Wednesday, February 11, 2009

Darwin's 200th: Evolution Within Individuals

Do individuals evolve during their lifetime or at least do parts of them evolve? The picture below left of the Tasmanian devil with a facial tumor is an example of evolution within individuals.

Well, I had to write something about evolution on Darwin's 200th birth anniversary coming up February 12. I am going to be writing two posts on evolution and evolutionary patterns that may occur at a biological level of organization below and above that of an individual. Darwin didn't address evolution at these levels of biological organization. I am not taking pot shots at any perceived inadequacies in Darwin's thinking but rather trying to highlight how successful his theory really is.

Darwin's contribution is huge because his theory of natural selection is a general explanation that is scalable to all levels of life. It provides us with the intellectual tools to expand the theory beyond what he used it for and explain life's patterns at the level of cells, individuals and species. You have to say that is a pretty powerful idea. As Richard Dawkins put it, his theory has an extraordinarily high explanatory bang for the buck!

Alright so part 1 is about evolution below the level of the individual.

Darwin didn't know anything about genes or even what causes variation. So his theory of evolution didn't address evolution at the level of molecules or cells. His great obsession was to explain how diversity arises and how organisms acquire adaptations or rather evolve a state of adaptedness to their environment over time. To this effect he argued that natural selection acts at the level of the individual. Birds may evolve smaller or larger beaks over time depending of the food available, butterflies may evolve patterns mimicking a poisonous relative, peppered moths may evolve a dark color that acts as a camouflage. Individuals vary and natural selection filters this variation, retaining traits that help individuals survive and reproduce and eliminating traits that are harmful.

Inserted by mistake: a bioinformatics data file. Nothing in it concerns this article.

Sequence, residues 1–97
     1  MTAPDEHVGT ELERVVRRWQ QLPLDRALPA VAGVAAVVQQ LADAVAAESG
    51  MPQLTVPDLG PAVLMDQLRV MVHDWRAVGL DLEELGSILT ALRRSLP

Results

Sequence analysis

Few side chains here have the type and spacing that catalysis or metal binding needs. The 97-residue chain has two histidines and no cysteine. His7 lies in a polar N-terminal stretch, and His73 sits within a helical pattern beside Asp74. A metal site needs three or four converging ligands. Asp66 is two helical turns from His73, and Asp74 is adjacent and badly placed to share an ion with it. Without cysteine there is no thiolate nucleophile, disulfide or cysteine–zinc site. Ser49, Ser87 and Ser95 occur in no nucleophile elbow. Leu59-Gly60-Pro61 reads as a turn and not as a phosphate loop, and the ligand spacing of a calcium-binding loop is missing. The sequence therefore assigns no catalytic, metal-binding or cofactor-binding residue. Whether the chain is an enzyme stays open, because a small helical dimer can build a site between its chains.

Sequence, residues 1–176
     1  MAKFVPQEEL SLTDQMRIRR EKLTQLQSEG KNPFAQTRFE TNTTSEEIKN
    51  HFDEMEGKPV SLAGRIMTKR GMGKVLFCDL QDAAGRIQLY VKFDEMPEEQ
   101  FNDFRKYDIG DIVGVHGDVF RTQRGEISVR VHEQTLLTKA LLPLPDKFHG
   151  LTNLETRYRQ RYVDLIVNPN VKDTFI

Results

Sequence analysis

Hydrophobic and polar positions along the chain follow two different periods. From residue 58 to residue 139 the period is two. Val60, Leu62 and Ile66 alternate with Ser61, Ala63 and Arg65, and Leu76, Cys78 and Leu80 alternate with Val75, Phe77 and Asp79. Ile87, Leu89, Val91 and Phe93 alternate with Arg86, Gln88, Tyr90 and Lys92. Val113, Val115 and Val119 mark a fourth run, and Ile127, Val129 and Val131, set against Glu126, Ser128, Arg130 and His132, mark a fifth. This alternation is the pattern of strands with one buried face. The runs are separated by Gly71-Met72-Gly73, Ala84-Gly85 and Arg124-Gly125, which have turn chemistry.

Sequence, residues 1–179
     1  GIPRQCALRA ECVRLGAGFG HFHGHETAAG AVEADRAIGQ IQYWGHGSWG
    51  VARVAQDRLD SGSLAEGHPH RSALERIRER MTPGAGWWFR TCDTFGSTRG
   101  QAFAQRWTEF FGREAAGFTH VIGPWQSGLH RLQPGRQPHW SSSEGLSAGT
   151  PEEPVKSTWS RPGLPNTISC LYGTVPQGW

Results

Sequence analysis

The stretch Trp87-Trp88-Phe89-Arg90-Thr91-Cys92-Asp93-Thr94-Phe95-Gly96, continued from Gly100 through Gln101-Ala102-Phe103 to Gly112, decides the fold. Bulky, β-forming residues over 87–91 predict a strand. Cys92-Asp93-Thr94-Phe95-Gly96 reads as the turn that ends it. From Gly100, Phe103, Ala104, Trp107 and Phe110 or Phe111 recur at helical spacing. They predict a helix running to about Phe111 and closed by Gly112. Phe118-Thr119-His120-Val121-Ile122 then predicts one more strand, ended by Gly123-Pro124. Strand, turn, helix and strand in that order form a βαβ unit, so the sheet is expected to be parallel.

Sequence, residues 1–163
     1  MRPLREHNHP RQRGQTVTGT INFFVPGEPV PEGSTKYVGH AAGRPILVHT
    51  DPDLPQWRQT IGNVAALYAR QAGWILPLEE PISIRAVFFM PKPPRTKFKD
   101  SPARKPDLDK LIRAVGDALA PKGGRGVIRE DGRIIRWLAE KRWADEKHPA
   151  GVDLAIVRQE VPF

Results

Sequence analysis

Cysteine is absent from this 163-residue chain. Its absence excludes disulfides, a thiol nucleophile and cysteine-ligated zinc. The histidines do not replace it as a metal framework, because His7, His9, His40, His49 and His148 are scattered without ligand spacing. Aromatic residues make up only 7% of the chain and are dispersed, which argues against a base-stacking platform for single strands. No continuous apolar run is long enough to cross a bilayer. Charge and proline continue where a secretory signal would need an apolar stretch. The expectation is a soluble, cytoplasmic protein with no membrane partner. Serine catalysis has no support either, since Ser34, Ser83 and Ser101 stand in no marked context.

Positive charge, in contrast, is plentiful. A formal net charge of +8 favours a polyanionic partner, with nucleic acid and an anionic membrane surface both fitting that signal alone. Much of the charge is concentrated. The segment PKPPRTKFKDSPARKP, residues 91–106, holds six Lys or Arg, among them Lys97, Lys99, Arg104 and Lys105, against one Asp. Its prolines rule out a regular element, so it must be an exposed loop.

But natural selection doesn't only act at the level of the organism. It can act on any entities which shows certain properties. If entities vary in certain traits, if these traits are heritable and if these traits affect "fitness" i.e. they enable one variant to reproduce more than the other then natural selection is off and running. In the natural world these conditions are most familiarly met by whole organisms but in principal they can be met by cells or genes within cells.

Our cells contains two copies of each gene. During cell reproduction a fair system would ensure that each gene has a 50% chance of being passed down to the next generation. But there is scope of this system being subverted. If a mutant gene acquires the ability to increase its chance of being passed down to more than 50% by copying itself and proliferating inside the cell or by killing its sister gene, natural selection will favor it. Genes might then engage in a war among themselves to increase their own reproduction at the expense of the body. In fact complex bodies will not evolve if such genomic conflict is the norm. Mark Ridley has written an engrossing book on how evolution has come up with ingenious solutions to minimize this conflict enabling complex life to emerge.

Still evolution has not done a perfect job of prevention. Whole organisms - and I am talking about multicellular entities- are made up of populations of cells. During development these cells divide and establish cell lineages that perform different functions in the body. Each cell division comes with a probability of a copying error as 4 billion bases get read and a copy of the genome is assembled. Over time as somatic cells divide differences might arise between cells and natural selection might then act on those differences.

The most well know example of this is cancer, where a mutant somatic cell arises and increases in frequency relative to the "normal" cell type. This happens even though the change is harmful to the body. The birth and death rate of cells is a faster process than the birth and death rates of individuals and so natural selection will favor any mutant cell that concentrates on its own reproduction even if it is to the detriment of the body.